Hawaii expects visa waiver to boost Taiwan travel


HONOLULU (AP) — Hawaii will likely welcome more visitors from Taiwan now that the U.S. has eliminated a visa requirement for Taiwanese citizens, state officials said Tuesday.

About 8,000 Taiwanese travelers visited last year, and about 10,000 are expected this year, the Hawaii Tourism Authority said.

The state agency predicted more will come, just as South Korean travelers began visiting Hawaii in greater numbers after the U.S. extended its visa waiver to that country in 2008.

Hawaii expects over 140,000 South Korean visitors this year, more than three times the number that came in 2007.

Taiwan is smaller, with a population about half the size of South Korea's 48 million, but the island nation is wealthier by some measurements. The World Factbook compiled by the Central Intelligence Agency estimates Taiwan's per capita gross domestic product, on a purchasing power parity basis, was $38,200 last year. That places it 27th in global rankings, ahead of Britain and Japan.

South Korea came in at number 40 with per capita GDP of $32,100.

"Increasing ease of access to Hawaii is great news for our economy. It will be much easier to travel to Hawaii from Taiwan, and puts us on track for steady growth in this market. Hawaii's relationship with Taiwan has never been stronger," Lt. Gov. Brian Schatz said in a statement.

Having an airline fly nonstop to Hawaii from Taiwan will be critical for developing the market, the tourism authority said. China Airlines, a Taiwanese carrier, has a daily flight to Honolulu from Taipei but it stops at Narita airport outside Tokyo.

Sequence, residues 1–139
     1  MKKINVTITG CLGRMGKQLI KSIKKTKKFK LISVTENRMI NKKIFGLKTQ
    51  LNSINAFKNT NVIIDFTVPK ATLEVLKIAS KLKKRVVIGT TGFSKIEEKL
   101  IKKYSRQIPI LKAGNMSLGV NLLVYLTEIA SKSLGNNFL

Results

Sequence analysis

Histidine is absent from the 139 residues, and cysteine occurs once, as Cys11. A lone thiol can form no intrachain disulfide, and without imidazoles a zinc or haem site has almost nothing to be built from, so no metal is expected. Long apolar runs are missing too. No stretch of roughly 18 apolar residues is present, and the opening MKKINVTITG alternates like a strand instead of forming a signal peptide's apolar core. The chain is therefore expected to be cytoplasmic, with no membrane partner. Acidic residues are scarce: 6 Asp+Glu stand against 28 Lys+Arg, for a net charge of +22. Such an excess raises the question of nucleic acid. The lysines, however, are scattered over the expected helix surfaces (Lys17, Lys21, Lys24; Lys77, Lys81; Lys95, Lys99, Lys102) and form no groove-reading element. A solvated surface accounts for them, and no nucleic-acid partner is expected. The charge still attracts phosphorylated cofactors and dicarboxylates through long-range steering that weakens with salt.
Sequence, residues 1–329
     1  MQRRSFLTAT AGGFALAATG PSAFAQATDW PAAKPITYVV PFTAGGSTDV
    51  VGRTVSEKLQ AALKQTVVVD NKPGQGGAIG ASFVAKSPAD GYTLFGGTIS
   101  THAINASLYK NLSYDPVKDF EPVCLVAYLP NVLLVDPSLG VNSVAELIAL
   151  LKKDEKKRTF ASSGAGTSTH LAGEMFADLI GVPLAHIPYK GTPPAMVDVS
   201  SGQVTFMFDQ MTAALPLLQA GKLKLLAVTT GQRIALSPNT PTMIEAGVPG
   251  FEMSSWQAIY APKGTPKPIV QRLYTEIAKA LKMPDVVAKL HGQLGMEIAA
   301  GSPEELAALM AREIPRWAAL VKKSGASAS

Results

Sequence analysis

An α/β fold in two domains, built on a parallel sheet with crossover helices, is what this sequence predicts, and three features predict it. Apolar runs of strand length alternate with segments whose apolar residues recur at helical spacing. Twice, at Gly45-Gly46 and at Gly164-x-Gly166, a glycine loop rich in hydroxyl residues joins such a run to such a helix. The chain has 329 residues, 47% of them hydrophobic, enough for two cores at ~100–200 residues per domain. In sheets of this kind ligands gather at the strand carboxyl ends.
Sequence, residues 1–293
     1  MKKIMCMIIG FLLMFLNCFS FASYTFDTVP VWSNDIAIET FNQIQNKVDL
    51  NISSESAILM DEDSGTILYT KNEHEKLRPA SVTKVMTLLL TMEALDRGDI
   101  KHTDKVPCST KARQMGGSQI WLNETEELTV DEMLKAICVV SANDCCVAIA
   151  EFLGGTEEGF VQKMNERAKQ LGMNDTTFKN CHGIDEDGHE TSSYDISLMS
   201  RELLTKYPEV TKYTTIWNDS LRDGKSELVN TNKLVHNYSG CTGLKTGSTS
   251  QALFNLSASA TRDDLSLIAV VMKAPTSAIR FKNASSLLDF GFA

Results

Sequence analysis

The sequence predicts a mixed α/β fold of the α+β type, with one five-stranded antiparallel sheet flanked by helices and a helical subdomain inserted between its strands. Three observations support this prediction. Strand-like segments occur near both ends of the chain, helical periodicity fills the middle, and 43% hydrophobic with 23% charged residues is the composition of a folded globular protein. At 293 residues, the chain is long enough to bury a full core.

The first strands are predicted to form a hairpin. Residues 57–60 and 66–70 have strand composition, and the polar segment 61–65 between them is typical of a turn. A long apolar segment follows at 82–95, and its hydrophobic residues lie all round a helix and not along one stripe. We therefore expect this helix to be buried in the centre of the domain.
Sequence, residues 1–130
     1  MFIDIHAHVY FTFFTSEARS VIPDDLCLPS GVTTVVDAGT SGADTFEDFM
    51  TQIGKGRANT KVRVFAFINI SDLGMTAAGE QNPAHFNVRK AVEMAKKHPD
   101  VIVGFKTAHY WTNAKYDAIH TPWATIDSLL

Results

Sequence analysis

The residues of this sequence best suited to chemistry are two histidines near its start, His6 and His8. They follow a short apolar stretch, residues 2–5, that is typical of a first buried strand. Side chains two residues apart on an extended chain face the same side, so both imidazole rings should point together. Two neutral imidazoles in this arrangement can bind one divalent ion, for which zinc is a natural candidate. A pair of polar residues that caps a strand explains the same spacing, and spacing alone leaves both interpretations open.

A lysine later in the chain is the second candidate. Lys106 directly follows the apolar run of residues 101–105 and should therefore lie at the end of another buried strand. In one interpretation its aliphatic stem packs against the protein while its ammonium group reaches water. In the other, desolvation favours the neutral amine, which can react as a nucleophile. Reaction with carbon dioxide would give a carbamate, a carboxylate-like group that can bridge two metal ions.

The agency said it will work with Hawaii Tourism Asia, which markets the islands to countries in Asia other than Japan, and industry partners to increase travel from Taiwan.

Democratic and Republican candidates for the U.S. Senate hailed the move.

"Together with the visa waiver status for Korea and some practical 'fixes' to the visa issuance process in China, Hawaii is poised to see and benefit from even more visitors from the Asia Pacific regions," said former Gov. Linda Lingle, who is running on the Republican ticket.

"Every time we make common sense changes to the visa waiver program, the additional visitors strengthen our number one industry, tourism, and put money in the pockets of Hawaii's small businesses creating local jobs," said the Democratic Party's candidate, U.S. Rep. Mazie Hirono.

The new visa policy takes effect Nov. 1. Starting on that date, Taiwanese visitors traveling to the U.S. on tourism or business for no more than 90 days will be able to come without a visa.

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